Yet that’s essentially how one of the country’s largest private arbitration firms operates. The National Arbitration Forum (NAF), a for-profit company based in Minneapolis, specializes in resolving claims by banks, credit-card companies, and major retailers that contend consumers owe them money. Often without knowing it, individuals agree in the fine print of their credit-card applications to arbitrate any disputes over bills rather than have the cases go to court. What consumers also don’t know is that NAF, which dominates credit-card arbitration, operates a system in which it is exceedingly difficult for individuals to prevail.
The collapse of the credit markets over the last year has hit more than just the homebuilding and mortgage sectors of the economy. As interest rates increased, private equity, or “PE,” an important new form of financial capital, was also rocked on its heels. … Trade unions have an ambivalent attitude toward the rise of private equity. On the one hand, many American labor unions have representatives on the boards of the same pension funds that are largely responsible for the steady flow of capital into PE funds, and, of course, that means some union members have benefited handsomely from the funds’ above-average returns. On the other hand, over the last decade, organized labor has developed a relatively sophisticated program of investor activism through the Office of Investment at the AFL-CIO, the Capital Strategies Group of Change to Win, and similar groups at key affiliates. This effort relies on labor’s pension-fund investments in public companies to raise concerns about corporate social responsibility, excessive CEO pay, workers’ rights, and internal corporate governance. But labor does not seem to have made up its mind whether or not PE funds raise or lower corporate standards of behavior.
The Modern Corporation and Private Property
Adolph Berle and Gardiner Means
Private Equity’s Broken Pension Promises: Private Equity Companies’ Links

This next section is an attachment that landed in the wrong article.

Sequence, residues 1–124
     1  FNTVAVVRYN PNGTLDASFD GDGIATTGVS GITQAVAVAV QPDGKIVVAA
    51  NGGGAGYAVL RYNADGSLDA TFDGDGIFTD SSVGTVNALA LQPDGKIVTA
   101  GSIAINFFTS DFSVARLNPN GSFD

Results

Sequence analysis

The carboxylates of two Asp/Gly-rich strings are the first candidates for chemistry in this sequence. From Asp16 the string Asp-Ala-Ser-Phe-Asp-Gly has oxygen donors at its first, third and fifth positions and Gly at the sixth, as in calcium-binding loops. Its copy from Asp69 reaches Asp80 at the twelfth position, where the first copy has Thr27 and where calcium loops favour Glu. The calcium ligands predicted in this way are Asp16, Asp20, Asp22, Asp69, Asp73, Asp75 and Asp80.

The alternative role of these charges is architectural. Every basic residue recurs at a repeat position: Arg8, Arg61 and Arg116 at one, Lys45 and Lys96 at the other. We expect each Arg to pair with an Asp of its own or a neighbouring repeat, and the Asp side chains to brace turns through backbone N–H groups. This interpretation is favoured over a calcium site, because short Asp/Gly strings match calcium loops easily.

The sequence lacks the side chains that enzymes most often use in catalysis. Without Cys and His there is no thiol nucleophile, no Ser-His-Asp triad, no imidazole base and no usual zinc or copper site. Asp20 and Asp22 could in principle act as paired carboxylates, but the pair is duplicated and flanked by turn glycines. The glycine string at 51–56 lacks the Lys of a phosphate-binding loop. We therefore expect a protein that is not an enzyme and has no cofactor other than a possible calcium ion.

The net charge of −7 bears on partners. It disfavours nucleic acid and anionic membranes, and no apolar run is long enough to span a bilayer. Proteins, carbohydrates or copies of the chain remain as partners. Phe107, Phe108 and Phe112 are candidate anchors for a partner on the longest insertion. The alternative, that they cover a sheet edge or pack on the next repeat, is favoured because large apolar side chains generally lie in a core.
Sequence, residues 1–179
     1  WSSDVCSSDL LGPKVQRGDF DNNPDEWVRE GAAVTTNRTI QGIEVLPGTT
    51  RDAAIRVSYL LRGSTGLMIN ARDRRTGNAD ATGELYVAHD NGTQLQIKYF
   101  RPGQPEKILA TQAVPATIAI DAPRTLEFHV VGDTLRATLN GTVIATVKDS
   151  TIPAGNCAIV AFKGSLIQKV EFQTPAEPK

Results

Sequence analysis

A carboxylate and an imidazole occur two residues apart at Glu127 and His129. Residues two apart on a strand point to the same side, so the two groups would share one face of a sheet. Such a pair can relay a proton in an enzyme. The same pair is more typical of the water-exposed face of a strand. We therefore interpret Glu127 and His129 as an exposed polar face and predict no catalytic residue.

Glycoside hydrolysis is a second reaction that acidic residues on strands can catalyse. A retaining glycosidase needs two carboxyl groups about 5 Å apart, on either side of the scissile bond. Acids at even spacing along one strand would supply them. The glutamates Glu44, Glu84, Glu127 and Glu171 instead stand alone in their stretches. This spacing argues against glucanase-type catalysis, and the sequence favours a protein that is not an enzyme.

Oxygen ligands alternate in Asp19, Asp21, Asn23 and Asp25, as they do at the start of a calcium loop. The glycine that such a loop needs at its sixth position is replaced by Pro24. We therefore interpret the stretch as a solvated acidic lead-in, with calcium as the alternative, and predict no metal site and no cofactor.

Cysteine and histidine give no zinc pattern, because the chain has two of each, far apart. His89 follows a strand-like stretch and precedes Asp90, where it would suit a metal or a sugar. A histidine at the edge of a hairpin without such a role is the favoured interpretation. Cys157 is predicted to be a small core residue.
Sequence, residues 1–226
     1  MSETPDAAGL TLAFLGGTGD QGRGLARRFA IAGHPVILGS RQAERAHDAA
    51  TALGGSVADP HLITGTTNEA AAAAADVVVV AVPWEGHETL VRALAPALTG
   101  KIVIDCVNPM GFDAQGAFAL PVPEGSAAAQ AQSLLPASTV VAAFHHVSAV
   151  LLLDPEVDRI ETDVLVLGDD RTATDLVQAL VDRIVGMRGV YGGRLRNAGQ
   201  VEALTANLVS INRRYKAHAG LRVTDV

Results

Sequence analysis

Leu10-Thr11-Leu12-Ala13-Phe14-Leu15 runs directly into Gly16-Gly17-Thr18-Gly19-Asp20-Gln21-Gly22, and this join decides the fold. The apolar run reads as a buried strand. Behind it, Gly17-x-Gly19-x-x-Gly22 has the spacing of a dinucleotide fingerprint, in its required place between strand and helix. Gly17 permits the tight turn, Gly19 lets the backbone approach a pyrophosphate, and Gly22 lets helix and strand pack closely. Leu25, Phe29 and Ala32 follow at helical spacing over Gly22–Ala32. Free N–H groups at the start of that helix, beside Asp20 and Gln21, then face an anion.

To Insolvent Pension Funds
GMB, a Central Executive Council Special Report, 2007
A Workers’ Guide to Private Equity
International Union of Food, Agricultural, Hotel, Restaurant, Catering, Tobacco and Allied Workers Associations
A recent report by the AFL-CIO Office of Investment reveals directors at major corporations often have serious conflicts of interest, influencing the cost of health care. While companies would be expected to cut benefit costs through policies such as including generic drugs as part of prescription coverage, executives at big health insurance and pharmaceutical companies who are also board members at some of the country’s largest non-health care related companies may affect plans. Many have much greater financial stakes in the health firms, suggesting outside motives that may influence benefits policies of these other businesses. The report shows that 21 Fortune 500 companies with substantial health costs for retirees, employees and dependents have significant conflicts of interest, with leaders also executives or directors at a major health or pharmaceutical company. In one case, the prescription drug Nexium was actively protected and maintained as part of a health plan by General Motors, while other corporations substituted less expensive generics. Percy Barnevik, retired CEO of AstraZeneca, was a board member and chair of GM’s Policy Committee at the time.